CRTC revises news regulations

The regulator is adding rules requiring 16 hours of original programming plus live broadcast facilities and regional news bureaus.
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The CRTC has revised the conditions of licence for Canadian discretionary services operating national news services, formerly known as Category C services.

The updated policies from the CRTC include 2013-734, in which the CRTC acknowledged that the current licensing criteria (after channels were made part of mandatory distribution in 2014) might not be strict enough to ensure high-quality news programming. The CRTC followed-up with a review of national news services during Let’s Talk TV.

After considering the various proposals put forth during Let’s Talk TV, the CRTC determined that the licensing criteria must better reflect the national nature of these services and report news and events happening across the country.

To that end, the CRTC has released revised standard conditions of licence around new and existing national news services. As part of the revised rules the services will be required to offer a minimum of 16 hours a day of original programming, seven days a week. The original programming on the channel is not required to be first-run programming.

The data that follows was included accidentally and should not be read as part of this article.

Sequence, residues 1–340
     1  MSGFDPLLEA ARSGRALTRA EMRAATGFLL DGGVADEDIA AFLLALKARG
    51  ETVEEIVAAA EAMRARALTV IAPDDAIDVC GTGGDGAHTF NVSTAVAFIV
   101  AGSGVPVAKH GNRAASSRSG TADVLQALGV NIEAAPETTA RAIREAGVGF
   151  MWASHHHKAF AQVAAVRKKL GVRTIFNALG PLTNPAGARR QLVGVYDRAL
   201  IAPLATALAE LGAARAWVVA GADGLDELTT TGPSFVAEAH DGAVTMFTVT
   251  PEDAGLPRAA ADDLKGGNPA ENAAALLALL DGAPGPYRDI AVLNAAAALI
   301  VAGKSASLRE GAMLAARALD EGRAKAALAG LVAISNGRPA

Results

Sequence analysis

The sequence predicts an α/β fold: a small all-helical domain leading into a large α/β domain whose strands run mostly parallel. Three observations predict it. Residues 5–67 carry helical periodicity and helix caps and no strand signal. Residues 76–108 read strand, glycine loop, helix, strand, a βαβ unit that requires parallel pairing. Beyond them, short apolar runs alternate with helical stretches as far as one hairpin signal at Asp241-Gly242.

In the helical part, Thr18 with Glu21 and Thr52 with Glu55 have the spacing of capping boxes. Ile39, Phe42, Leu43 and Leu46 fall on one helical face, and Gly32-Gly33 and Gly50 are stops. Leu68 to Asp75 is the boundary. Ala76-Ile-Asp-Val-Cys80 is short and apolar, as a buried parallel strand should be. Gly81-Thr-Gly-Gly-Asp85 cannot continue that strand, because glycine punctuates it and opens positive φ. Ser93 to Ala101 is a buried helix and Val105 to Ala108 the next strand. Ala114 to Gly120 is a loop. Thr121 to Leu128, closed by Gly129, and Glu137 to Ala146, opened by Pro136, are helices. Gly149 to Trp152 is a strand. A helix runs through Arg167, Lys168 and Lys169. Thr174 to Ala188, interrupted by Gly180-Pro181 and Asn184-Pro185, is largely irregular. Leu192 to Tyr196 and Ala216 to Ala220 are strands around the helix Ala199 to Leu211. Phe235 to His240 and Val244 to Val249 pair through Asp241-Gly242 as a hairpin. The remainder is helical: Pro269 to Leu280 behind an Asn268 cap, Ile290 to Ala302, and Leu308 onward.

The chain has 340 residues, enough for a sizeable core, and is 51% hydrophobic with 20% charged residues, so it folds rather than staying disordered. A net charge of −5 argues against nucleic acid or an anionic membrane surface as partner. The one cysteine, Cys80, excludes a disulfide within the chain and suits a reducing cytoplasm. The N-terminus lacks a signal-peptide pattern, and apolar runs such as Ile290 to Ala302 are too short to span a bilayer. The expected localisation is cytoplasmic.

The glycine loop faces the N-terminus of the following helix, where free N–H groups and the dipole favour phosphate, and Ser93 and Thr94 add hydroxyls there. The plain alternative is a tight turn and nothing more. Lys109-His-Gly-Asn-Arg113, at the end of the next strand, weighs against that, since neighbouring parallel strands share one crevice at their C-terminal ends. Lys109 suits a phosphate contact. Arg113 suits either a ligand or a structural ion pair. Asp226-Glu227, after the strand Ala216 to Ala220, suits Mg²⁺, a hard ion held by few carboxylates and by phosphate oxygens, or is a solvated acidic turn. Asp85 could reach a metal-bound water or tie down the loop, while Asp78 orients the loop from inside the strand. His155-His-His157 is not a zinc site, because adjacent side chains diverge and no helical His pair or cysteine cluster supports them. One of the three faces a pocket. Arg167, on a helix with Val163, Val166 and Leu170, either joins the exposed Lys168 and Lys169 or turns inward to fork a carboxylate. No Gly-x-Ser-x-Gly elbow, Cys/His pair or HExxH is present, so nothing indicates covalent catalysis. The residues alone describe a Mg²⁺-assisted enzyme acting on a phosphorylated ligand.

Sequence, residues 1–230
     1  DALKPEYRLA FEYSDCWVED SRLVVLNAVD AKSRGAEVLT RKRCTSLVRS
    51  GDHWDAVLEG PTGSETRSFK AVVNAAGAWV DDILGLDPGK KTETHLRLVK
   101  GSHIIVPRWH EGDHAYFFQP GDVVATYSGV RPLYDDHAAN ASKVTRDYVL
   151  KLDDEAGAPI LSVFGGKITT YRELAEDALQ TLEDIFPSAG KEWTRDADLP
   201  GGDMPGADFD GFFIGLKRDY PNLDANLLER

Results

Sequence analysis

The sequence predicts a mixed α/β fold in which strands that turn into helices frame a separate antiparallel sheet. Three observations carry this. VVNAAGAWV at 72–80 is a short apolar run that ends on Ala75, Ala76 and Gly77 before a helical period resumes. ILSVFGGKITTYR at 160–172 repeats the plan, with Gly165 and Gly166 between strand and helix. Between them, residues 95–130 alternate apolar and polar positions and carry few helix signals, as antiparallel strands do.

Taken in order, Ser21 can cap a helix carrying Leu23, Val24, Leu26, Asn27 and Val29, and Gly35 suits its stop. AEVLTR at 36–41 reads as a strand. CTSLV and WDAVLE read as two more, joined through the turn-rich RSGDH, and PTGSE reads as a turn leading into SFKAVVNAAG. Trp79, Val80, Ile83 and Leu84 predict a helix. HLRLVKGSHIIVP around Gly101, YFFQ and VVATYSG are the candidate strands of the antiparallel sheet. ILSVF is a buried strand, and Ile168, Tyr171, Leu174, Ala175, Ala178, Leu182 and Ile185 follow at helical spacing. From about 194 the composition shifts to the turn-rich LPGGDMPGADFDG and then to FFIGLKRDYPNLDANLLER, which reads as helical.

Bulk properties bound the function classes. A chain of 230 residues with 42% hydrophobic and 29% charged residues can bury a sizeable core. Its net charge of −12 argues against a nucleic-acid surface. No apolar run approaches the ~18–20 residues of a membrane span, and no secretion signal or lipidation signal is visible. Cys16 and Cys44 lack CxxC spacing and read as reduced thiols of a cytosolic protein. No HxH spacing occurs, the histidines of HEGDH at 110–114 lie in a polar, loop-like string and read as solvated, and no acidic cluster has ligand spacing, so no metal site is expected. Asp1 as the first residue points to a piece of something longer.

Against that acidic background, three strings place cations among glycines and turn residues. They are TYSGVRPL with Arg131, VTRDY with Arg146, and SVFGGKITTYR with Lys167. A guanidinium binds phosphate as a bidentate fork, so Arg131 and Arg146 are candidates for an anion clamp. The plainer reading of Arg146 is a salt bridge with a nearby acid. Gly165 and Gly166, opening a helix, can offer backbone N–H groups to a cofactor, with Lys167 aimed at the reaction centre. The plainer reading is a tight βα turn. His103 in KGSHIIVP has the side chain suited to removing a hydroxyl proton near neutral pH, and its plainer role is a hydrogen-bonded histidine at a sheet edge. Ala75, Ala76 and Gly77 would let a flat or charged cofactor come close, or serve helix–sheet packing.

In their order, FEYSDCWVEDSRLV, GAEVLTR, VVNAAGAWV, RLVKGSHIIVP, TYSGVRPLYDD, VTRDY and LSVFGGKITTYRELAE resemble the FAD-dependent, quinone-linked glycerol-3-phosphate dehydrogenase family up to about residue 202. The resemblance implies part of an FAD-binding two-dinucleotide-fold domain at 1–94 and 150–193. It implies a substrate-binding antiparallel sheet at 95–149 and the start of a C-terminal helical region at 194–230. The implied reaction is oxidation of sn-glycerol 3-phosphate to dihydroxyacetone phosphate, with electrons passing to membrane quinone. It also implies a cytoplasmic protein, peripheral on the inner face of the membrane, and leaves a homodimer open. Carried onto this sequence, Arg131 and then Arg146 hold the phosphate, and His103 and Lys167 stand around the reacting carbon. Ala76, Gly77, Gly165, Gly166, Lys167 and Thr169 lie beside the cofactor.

In addition, 95% of all programming aired during the broadcast month should come from the following categories of news: analysis and interpretation, long-form documentary and reporting and actualities.

The channel must maintain and operate a live broadcast facility and regional news bureaus in at least three regions other than its live broadcast facility. The national news channel must also be able to report on national news and events with a Canadian perspective.

For existing services these conditions will be applied at the time of licence renewal when it will be determined whether or not the services should continue to benefit from mandatory distribution as a national news service.

The CRTC will also use the criteria to assess applications for new national news services. All applicants will also be required to provide evidence of demand for a national news service and demonstrate that the service will add programming diversity to the broadcast system.